9 Countries Where the Next Year Is Not 2018

What year is it now? The question is not as simple as it may sound. Everything is relative. People created calendars to measure the course of time. But time is ephemeral, it can't be caught, and a countdown point can't be marked. That's where the complexity starts. How to find the beginning? Where to count from? And with what steps?

Today Bright Side will tell you about different calendars. Many more calendars exist today and have existed through the years, but even these are enough to feel all the relativeness and ephemerality of time.

People will ring in the year 2018 in the world.

Most countries in the world live according to the Gregorian calendar. It was introduced by Pope Gregory XIII in place of the Julian calendar. The difference between these 2 calendars today is 13 days, and it increases by 3 days every 400 years.

The Gregorian calendar was introduced in 1582 in Catholic countries, and it was gradually distributed to other countries. According to it, on January 1, the year 2018 will begin.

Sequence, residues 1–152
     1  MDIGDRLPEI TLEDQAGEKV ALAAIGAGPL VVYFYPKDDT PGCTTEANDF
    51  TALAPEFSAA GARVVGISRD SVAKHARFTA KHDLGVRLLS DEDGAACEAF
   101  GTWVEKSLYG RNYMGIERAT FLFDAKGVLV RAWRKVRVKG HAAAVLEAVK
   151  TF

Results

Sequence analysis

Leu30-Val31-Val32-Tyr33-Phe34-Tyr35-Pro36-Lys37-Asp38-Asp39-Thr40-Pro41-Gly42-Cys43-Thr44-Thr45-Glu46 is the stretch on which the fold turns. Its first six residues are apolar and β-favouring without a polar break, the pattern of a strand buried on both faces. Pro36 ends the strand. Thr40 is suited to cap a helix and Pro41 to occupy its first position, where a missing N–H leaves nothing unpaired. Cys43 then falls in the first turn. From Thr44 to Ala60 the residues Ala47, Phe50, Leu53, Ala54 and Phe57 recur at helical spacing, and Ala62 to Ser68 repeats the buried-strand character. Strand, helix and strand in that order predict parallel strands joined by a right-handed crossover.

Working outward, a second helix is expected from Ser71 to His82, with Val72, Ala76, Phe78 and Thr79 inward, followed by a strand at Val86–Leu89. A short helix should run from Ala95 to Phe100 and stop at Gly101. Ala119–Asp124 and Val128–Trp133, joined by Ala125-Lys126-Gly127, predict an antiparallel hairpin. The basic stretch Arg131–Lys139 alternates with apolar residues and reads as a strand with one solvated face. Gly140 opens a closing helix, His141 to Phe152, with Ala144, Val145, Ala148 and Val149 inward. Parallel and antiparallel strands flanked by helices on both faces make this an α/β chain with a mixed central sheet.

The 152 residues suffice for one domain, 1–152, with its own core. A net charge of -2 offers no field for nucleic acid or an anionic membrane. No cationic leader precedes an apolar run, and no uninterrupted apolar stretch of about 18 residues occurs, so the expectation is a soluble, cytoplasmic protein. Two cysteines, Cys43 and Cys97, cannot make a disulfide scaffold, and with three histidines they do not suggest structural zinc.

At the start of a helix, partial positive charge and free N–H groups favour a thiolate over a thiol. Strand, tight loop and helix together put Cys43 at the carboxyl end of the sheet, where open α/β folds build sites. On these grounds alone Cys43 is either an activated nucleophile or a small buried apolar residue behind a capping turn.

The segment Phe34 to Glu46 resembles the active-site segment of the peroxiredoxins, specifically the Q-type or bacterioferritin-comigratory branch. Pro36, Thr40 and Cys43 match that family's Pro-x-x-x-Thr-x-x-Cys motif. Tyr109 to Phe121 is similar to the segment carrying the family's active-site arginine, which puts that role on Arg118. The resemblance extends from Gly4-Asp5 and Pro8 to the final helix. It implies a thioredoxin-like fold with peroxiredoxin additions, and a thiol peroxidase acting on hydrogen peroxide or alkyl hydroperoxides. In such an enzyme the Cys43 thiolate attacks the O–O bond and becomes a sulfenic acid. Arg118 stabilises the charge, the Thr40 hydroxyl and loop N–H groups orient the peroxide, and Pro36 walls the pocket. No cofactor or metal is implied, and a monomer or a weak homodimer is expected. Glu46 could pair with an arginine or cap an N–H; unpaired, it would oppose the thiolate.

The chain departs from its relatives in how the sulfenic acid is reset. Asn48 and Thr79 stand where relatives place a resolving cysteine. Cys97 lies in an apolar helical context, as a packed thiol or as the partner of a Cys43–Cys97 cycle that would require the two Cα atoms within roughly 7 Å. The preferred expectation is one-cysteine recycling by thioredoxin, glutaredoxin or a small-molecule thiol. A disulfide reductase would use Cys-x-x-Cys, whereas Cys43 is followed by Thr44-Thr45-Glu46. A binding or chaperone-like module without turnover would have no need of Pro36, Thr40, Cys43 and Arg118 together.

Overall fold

People will ring in the year 2561 in Thailand.

In Thailand, 2018 will be the year 2561 (according to the Gregorian calendar). Officially, Thailand lives according to the Buddhist lunar calendar, in which chronology starts from the moment Buddha achieved nirvana.

However, they use the Gregorian calendar as well. Exceptions are often made for foreigners, and the dates on goods and documents are written according to this calendar. The Buddhist calendar is also used in Sri Lanka, Cambodia, Laos, and Myanmar.

People will ring in the year 2011 in Ethiopia.